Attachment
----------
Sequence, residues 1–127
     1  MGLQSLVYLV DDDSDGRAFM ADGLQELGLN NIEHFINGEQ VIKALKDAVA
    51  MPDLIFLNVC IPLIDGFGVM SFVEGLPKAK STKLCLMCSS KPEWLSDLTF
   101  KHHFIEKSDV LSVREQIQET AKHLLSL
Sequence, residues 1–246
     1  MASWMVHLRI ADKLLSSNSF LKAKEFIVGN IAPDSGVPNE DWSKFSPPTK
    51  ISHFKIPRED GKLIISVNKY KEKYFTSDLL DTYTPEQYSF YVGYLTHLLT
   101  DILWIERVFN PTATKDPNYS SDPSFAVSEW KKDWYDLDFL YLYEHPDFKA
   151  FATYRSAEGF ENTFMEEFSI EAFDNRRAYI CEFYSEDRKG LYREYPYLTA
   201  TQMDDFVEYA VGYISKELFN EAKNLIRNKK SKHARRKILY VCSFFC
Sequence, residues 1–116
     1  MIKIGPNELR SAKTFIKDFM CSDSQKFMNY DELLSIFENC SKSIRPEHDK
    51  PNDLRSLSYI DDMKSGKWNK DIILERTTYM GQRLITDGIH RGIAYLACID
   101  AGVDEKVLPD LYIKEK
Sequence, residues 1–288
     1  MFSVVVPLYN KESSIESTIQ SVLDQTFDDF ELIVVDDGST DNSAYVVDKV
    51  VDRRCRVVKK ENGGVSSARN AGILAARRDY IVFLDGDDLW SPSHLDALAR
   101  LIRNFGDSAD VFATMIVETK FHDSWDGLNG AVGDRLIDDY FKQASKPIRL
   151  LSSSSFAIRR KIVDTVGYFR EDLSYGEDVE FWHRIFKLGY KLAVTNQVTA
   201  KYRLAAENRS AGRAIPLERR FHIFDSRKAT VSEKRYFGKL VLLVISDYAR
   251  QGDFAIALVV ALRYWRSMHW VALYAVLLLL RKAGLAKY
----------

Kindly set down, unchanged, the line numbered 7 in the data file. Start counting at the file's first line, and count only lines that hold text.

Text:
    51  ISHFKIPRED GKLIISVNKY KEKYFTSDLL DTYTPEQYSF YVGYLTHLLT